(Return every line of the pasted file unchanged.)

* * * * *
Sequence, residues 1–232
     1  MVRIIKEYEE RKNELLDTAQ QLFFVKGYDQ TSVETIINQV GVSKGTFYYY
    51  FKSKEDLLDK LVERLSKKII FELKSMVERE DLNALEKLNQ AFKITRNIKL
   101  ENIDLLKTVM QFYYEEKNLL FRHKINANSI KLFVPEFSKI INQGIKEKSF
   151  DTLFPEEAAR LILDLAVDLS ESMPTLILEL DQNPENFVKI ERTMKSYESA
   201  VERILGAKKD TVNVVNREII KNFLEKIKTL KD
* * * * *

Sequence, residues 1–232
     1  MVRIIKEYEE RKNELLDTAQ QLFFVKGYDQ TSVETIINQV GVSKGTFYYY
    51  FKSKEDLLDK LVERLSKKII FELKSMVERE DLNALEKLNQ AFKITRNIKL
   101  ENIDLLKTVM QFYYEEKNLL FRHKINANSI KLFVPEFSKI INQGIKEKSF
   151  DTLFPEEAAR LILDLAVDLS ESMPTLILEL DQNPENFVKI ERTMKSYESA
   201  VERILGAKKD TVNVVNREII KNFLEKIKTL KD